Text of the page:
Abdollah Momeni is a student on the run. The university activist began challenging Iran's Islamic regime seven years ago, and since then he has seen peers get arrested, jailed -- and even risk their lives to fight the system.
Last fall, he spent a night in police custody so harrowing that he considered abandoning his activism altogether.
Now, as the clerical regime tries to round up student leaders in the wake of days of violent unrest, Momeni is a target. Tehran's hard-line Revolutionary Court has issued arrest warrants for Momeni and about 55 others, all high-profile activists who have ties to a countrywide network of students.
The students say Iran's hard-line regime is trying to crush their movement before massive demonstrations, which are expected July 9, the anniversary of nationwide pro-democracy protests that took place in 1999.
Plainclothes police showed up at Momeni's apartment after dark one day this past week to arrest him. But Momeni doesn't go home now. He also believes that both his home phone and cellular phone are tapped by intelligence agents. If he is arrested, authorities could hold him again for just a night. Or, like several students arrested in 1999, he could be jailed for years.
Momeni is driven by the dreams of political freedom, human rights and secular democracy in Iran, ideas supported by many of Iran's 48 million young people, a large majority of the population. They are increasingly frustrated by the strict rule of clerics, but protests have been sporadic and relatively few are willing to take the risks that Momeni takes.
"This is a system that wants to hear only one voice -- its own," Momeni said this week in a conversation on a friend's cell phone. "How can they refuse to tolerate our opposition after we've agreed to work for change within the system?"
Although he is watching out for police and security officials in order to avoid arrest, Momeni still attends student meetings where he and others debate tactics. In the last week, they have staged sit-ins to demand the postponement of final exams and petitioned pro-reform members of parliament for the release of students who have been imprisoned for their political views.
Protesters chanted slogans calling for an end to the Islamic system of government and for death to the country's supreme leader, Ayatollah Ali Khamenei.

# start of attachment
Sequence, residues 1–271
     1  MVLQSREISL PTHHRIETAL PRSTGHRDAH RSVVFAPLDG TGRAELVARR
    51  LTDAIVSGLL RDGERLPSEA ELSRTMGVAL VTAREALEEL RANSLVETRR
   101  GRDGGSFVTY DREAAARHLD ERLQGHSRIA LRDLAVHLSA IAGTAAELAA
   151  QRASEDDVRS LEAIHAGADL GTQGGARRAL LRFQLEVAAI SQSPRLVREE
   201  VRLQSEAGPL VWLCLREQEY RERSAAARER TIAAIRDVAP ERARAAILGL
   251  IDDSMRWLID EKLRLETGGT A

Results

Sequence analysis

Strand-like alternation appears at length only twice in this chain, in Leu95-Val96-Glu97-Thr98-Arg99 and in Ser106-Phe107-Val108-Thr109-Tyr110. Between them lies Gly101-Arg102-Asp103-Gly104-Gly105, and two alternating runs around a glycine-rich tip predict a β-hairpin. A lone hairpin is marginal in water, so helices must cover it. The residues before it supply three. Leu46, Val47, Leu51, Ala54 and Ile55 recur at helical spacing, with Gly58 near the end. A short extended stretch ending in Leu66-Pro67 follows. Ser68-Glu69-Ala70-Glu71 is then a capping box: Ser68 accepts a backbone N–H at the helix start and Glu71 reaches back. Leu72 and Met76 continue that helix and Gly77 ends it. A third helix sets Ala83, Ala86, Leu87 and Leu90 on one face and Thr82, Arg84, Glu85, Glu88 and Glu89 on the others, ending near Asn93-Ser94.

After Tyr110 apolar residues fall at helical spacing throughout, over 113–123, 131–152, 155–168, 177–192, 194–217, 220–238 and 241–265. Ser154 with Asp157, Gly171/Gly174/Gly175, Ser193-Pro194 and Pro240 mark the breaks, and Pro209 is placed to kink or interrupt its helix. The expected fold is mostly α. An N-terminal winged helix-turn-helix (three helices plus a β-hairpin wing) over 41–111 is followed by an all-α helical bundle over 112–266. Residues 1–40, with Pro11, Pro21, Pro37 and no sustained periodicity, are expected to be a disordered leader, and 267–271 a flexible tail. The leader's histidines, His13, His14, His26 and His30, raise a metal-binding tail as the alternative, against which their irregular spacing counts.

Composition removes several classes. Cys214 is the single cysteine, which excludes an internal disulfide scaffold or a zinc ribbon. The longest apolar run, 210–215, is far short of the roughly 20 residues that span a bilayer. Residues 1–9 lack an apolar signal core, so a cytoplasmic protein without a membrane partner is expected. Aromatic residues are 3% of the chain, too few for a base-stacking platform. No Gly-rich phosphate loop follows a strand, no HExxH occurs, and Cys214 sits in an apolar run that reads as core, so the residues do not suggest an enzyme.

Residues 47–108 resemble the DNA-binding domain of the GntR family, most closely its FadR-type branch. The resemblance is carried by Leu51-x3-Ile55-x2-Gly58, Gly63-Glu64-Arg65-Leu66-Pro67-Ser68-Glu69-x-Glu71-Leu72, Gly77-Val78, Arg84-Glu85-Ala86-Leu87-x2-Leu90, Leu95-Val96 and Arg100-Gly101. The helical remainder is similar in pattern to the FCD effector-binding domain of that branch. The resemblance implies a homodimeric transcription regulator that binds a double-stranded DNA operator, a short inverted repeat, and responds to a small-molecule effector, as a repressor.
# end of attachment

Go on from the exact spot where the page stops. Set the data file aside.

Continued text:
Before Momeni and the other student organizers went into hiding, they convened their meetings in parks and coffee shops around Tehran. The core group of each university's student association meets regularly in such public places, debating the future of Iran's internal power struggle and charting strategy.
The Islamic Student Assn., an umbrella group of student organizations from around the country, has a few thousand members. The leadership core, including activists such as Momeni, is much smaller.
Tehran University, at the center of the student movement, spreads out along a city block in central Tehran, its aging buildings retaining an air of dignity.
Momeni came to the capital at age 17 from western Iran to attend Tabatabei University. He was married already, had a child and was well versed in the frustrations of being young in a crippled economy that reserves success for the establishment elite.
Today's student activists are mostly young people like Momeni -- middle-class, practicing Muslims from provincial cities -- an indication of the depth of opposition to the Islamic system.
Iran's revolution of the 1970s was shaped by clerics aiming to satisfy this broad, traditional swath of Iranian society, which felt that the overtly pro-Western tilt of the shah's regime was an affront to its social values.
Today dissent springs from this class rather than from the privileged, cosmopolitan suburbs of north Tehran. Once they witnessed the children of well-connected revolutionaries and senior clerics step into the shoes of the shah's associates -- complete with educations abroad and gaudy mansions -- students such as Momeni began to lose faith in the revolution's ideals.
The votes of young people seeking change twice brought moderate President Mohammad Khatami to power. Students were among the many Iranians seeking to combine Islam and democracy, and they backed Khatami's efforts to transform the country.